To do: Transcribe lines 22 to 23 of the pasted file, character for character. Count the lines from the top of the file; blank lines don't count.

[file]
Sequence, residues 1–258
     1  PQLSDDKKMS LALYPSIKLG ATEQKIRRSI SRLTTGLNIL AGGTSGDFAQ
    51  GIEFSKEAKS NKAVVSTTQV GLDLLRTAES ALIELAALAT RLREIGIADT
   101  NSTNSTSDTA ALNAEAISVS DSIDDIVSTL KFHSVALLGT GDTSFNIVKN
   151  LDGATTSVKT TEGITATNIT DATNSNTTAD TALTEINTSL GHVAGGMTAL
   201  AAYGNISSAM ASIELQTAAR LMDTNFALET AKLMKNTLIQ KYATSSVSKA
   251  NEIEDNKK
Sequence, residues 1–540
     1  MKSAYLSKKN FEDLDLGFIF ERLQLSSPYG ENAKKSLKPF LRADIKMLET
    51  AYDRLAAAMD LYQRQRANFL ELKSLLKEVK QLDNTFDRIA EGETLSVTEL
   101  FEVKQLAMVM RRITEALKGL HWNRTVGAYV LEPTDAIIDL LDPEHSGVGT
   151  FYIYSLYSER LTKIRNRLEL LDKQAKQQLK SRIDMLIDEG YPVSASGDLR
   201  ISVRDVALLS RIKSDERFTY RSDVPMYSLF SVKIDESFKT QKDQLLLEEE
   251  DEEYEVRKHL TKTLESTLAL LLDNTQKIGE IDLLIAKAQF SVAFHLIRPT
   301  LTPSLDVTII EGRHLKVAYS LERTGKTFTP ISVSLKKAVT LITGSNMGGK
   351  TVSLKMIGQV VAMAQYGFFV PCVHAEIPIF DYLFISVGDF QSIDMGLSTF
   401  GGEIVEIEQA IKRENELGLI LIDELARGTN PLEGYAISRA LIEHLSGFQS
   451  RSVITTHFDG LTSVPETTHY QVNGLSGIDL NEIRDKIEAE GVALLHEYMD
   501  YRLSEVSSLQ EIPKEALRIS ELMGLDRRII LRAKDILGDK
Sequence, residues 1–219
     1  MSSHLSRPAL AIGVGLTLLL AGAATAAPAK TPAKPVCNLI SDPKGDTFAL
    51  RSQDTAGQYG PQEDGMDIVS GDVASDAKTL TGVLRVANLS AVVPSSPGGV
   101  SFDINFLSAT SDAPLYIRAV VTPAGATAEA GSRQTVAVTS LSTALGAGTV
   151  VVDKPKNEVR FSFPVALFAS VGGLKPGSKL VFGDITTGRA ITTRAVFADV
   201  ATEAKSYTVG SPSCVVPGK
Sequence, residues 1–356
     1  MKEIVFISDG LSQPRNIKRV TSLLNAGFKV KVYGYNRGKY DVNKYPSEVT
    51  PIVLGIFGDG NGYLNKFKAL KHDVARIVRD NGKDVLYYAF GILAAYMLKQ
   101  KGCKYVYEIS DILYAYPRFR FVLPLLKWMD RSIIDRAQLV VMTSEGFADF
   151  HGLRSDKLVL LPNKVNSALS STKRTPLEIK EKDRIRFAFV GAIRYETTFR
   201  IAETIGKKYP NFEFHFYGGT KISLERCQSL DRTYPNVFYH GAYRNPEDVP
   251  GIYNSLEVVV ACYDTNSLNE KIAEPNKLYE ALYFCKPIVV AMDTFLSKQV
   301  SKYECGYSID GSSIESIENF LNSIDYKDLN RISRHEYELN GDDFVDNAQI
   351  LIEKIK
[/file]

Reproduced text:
    51  RSQDTAGQYG PQEDGMDIVS GDVASDAKTL TGVLRVANLS AVVPSSPGGV
   101  SFDINFLSAT SDAPLYIRAV VTPAGATAEA GSRQTVAVTS LSTALGAGTV